Saturday, 4 December 2010
God's Christmas Autograph . . .
On Christmas Eve I saw
God’s autograph in the snow . . .
Tiny creature tracks so fine,
All lacy in a row.
And with the dazzling Christmas dawn,
My eyes did then behold.
God’s signature grown ever dear,
Etched in sunlight gold.
~Rosalyn Hart Finch
As a child, growing up in Canada, long about the middle of November . . . beginning of December, I would start to look for snow. As the days grew shorter, the temperatures dipped, and the ground grew hard and cold . . . I would scan the sky daily for those tell tale feathery first flakes that would begin to fall and alight on my eyelashes and face. Is there anything on earth that tastes better? I think not! Those first few flakes of the season were eagerly anticipated and greeted with great aplomb, for if the snow was falling . . . the arrival of Christmas and Santa Claus could not be too far behind!
(First Snowfall by Phillip Hill)
As an adult there is nothing more peaceful then the air that rings with silence early in the morning after a heavy night-time snowfall. How I love to look out over the pristine fields adorned with a heavy white blanket . . . it's smooth as silk top only disturbed by the small hop-hop-hoppings of tiny bird feet upon it's surface. . .
All the branches of the surrounding trees draped in it's heavenly sugarlike decorations. There is no more beautiful sight on earth, to my way of thinking anyways. I can always tell when snow is "in the air" . . . I believe I can actually smell it's impending arrival, and the sky takes on a peculiar dark grey leaden appearance.
As children, the first snowfall brought about a flurry of activity. Our absolute first chore was to build the first snowman of the year, of course!! We would spend hours rolling the snow into big balls, three in number . . . each one getting a bit smaller than the last . . . and heaping them one on top of the other, with the very smallest on top. Those first snowmen were always adorned with the last few escaped leaves from autumn's flurry of raking . . . little prizes missed from the rake's ruthless prongs. Sticks were sought out and discarded, for only the straightest and best were sufficient for the snowman's most capable arms. Stones were prised from the frozen earth at the sides of the roadway to be used as eyes and mouth . . . and mom always donated a carrot for the nose. An old scarf and hat were also donated, only after much begging of course! (I'm quite sure she kept an old one in the utility room to be used year after year for just this purpose!) What a wonderous sight that snowman would be to behold when he was done. They sprung up all over the neighbourhood like welcome immigrants from a mysterious and snowy foreign land that was visited upon us for a time . . .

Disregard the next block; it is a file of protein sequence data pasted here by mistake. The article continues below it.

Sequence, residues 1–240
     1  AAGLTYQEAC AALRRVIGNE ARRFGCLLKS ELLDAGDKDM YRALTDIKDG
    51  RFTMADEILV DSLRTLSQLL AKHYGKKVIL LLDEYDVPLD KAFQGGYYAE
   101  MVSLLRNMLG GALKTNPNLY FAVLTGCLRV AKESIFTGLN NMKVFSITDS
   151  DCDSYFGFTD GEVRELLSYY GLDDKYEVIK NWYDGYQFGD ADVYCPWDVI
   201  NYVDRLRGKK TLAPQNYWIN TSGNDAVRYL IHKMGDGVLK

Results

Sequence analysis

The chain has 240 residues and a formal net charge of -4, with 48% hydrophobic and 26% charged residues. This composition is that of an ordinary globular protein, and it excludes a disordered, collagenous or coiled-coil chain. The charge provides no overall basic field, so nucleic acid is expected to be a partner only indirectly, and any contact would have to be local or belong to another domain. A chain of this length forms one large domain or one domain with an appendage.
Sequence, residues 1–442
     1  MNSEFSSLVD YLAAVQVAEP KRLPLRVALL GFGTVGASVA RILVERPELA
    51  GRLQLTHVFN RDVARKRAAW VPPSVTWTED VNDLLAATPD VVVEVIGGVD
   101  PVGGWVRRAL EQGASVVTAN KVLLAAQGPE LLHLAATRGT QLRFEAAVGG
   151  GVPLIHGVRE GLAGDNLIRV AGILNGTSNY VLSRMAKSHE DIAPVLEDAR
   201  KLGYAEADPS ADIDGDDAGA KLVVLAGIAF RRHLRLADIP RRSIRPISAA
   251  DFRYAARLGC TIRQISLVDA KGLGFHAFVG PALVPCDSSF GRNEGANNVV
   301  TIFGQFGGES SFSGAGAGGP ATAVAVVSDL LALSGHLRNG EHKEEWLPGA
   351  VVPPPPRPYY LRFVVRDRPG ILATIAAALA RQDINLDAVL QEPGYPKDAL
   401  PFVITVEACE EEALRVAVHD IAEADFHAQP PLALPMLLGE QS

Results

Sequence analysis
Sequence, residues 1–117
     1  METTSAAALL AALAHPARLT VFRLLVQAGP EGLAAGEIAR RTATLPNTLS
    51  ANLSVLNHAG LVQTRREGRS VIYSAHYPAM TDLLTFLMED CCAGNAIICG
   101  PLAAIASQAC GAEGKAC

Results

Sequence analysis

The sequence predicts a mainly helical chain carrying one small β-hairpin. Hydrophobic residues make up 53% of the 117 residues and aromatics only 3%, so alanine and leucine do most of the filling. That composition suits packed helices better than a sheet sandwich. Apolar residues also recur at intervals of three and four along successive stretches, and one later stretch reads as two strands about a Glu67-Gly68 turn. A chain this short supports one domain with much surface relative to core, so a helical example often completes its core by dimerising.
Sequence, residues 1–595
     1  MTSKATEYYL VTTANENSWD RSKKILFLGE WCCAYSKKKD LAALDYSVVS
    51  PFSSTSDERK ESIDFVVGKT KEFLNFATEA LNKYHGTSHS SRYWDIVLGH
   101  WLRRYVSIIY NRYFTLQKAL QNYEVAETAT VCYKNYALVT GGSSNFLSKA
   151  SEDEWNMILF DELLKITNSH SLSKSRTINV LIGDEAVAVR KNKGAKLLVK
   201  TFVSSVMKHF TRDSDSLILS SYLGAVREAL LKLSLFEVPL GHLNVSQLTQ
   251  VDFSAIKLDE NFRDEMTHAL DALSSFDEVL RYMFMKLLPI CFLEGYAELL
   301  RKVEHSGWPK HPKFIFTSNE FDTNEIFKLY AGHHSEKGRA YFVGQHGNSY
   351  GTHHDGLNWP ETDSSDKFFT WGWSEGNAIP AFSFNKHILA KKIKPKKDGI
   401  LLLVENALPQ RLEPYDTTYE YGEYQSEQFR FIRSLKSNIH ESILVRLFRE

I know that the snow was not as welcomed by our parents, for it heralded the season of the back breaking labour of shovelling and having to clean the car off every time they wanted to go somewhere . . . but it was a wonderful gift from above for the young at heart . . . it would be several weeks for the novelty to wear off.